Posted by: Sarah | June 1, 2009

Microwave Meltdown Mania

           Earlier this week, I could’ve sworn it was the apocalypse when a number of my major electronic devices bizarrely shut down at same time. I immediately called my mom, a born-again Christian, and was relieved when her chipper voice answered the phone. Okay, so the second-coming had not occurred. However, I am in Area 51 territory and on the edge of swine flu country with border patrol and illegal immigrants warring yards from my house. If I was a conspiracy theorist, I might suspect that the government had detonated an experimental bomb, and we were the recipients of its fallout. Because, honestly, to have a microwave, vacuum cleaner and my husband’s computer go kaput simultaneously leads one (with an imagination like mine) to wonder.

But after the Close Encounters of the Third Kind theme song faded, I got down to the business of fixing. A local repair shop said they could patch up the vacuum—something about a broken clutch. However, the microwave and computer were more complicated.

My husband’s computer happens to be a military-issued item. So again, if I were a theorist, I’d smirk and snarkily point out that the government screwed itself. Thankfully, he has IT people to reboot, re-program, re-install, and listen to his ranting. He’s frustrated—as any of us would be—that his files, data, case reports, and articles have simply poof-ed into never-never-land. I feel his pain. Being a writer, I can’t imagine losing my work. I’ve had my share of computer meltdowns and quickly learned that a jump-drive is gumstick-sized salvation. So we had “people” on the computer issue, but the microwave was thrown into my bailiwick.

Back when it first made a funny zip-zip noise and then immediately turned off, I simply stared at it. Perplexed. I pushed the unresponsive keypad. Then I said, “Come on. Wake up.” (My exact words.) When it didn’t obey, I tapped the top, trying to arouse response like it was a precocious toddler. I plugged and unplugged the power source before finally realizing it wasn’t coming back. So I sat in my kitchen, cold bowl of soy grits in hand, staring at it—willing it to work. Didn’t it understand that I couldn’t cook my afternoon snack? I needed its warm internal hum and comforting green console lights.  

To give you the full picture: My microwave is a grand-slammer. It’s a GE Spacemaker over-the-stove kind. A big momba-jomba. And I hadn’t a clue who fixes these kinds of things. My husband, while a brilliant doctor of the human body, is as knowledgeable as myself in the land of electronics. Meaning: We know that when you plug it in, it’s supposed to turn on; if it doesn’t, there’s a problem. Thus, all too soon my panic turned to frustration, which turned to anger. Not only did I now not have one of my most beloved and crucial sources of food preparation, I didn’t even know who or how to fix it!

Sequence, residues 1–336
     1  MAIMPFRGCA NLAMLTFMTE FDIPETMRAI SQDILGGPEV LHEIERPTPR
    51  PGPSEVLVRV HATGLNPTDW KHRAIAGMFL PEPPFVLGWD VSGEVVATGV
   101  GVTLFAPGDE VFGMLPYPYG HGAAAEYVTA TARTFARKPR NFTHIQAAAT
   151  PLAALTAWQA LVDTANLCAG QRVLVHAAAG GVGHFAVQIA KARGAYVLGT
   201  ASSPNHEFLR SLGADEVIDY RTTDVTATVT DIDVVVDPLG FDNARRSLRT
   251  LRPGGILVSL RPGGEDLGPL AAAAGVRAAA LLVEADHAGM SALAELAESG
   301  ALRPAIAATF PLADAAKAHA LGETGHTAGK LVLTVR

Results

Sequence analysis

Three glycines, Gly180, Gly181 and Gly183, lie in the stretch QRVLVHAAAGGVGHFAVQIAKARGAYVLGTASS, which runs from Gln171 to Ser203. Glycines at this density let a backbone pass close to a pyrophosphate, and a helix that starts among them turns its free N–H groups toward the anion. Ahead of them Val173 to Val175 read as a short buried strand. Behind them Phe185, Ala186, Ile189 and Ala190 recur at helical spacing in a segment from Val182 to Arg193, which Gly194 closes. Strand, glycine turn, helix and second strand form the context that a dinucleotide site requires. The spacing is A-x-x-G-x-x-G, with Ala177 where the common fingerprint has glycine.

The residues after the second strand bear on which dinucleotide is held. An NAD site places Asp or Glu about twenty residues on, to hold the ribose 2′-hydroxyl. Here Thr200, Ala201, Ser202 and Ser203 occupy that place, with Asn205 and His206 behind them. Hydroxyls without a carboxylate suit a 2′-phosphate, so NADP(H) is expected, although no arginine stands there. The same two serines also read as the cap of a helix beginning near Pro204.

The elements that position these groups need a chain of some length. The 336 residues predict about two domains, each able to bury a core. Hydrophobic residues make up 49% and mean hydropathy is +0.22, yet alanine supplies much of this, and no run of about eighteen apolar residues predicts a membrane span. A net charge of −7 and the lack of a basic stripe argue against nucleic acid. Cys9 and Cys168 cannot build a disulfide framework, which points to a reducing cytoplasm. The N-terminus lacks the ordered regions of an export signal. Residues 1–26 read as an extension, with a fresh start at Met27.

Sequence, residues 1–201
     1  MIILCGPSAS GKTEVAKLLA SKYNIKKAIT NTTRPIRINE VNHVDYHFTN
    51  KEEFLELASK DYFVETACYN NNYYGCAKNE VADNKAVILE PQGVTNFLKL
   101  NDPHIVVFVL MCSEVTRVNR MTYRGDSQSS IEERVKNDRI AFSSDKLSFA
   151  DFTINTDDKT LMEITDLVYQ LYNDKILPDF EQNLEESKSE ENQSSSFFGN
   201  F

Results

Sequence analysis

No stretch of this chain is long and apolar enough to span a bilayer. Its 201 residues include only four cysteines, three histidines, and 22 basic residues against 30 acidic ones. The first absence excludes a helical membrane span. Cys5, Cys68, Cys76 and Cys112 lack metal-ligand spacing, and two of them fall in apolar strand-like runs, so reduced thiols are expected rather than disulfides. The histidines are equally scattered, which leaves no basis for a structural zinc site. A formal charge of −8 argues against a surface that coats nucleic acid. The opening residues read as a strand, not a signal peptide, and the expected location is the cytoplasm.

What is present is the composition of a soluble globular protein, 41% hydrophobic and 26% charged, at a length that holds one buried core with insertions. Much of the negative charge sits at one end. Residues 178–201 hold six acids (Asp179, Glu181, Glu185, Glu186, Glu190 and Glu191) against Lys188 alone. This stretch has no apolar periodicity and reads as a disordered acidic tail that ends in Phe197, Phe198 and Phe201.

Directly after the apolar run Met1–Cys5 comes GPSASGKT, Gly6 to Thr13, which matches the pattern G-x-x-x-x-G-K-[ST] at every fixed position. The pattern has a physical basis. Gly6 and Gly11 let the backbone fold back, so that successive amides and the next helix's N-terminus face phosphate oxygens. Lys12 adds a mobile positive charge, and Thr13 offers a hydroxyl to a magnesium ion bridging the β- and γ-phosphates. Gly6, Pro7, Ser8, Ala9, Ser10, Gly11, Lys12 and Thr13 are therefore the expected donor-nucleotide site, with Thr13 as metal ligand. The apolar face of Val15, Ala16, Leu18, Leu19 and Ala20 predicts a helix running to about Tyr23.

Had I been home in Virginia, I’d have summoned my dad, an electronic genius. He’s got the gift. Give the man a box of broken parts, and he’ll tinker and rewire until it’s Rosie the Robot. So I called him.

“Check the fuses,” he said. “Unscrew the front cover, pull it off and check. Careful though—don’t force anything or you’ll break it.”

But it was already broken, right? No time to question. A good Army daughter follows orders in moments of crisis. So I got my Philips head and began unscrewing. First, the metal cover below fell off exposing the turntable motor, but no fuses. I kept unscrewing. The top vent fell off. Nothing but dust in there. I’d unscrewed every visible screw without the slightest glimpse of a fuse. (To be perfectly honest, had I found the fuse, I’m not 100 percent sure I’d have even known it was one. But that is neither here nor there.) Hungry and thoroughly annoyed with an hour of writing wasted by Project Screwing, I sat down and took stock of the mess of parts before me.

Who knew electronics were so complicated? I’d never considered how many plugs and fuses, fans and wingdings, belts and wires, coils and connectors made up our everyday appliances. It was infuriating! And humbling. I had to acknowledge I was completely incapable of fixing this problem. A hard pill for me to swallow. I like to think I can get myself out of any jam, but my microwave had me beat.  

So I gave in, opened the yellow pages, and found a local appliance repair guy, Murillo. He came over, took my microwave apart, and gave me a diagnosis using words like “transformer” and “magnetron.” Yes, these words exist outside of 80’s memorabilia. They are the hearts and lungs of the microwave—so I learned. Murillo laughed at my bewilderment and explained that I did nothing wrong. He wrote up a bill for the parts and labor, much like a doctor’s prescription, and said my microwave would be good as new in about a week.

I was still fuming from the whole ordeal and my new hefty bill when Murillo offered comfort.

“These things happen,” he said. “Sometimes life breaks down. But we’ll get it fixed.”

His words stopped me in my tracks. Instant attitude check.

“You’re right,” I said. “You’re very, very right.” And as I let him out, a weight lifted.

At present, my microwave is on the floor of my garage, awaiting its scheduled heart and lung transplant. My husband’s computer is refreshed and rebooted. My vacuum is va-rooming like a champ. We all know the adage ‘caca happens’ (this is the PG version). I realized it doesn’t signify the end of the world, a nuclear explosion or alien invasion. It’s life with all its sparkplugs and magnetrons, light bulbs and switches.

Yours truly, Sarah

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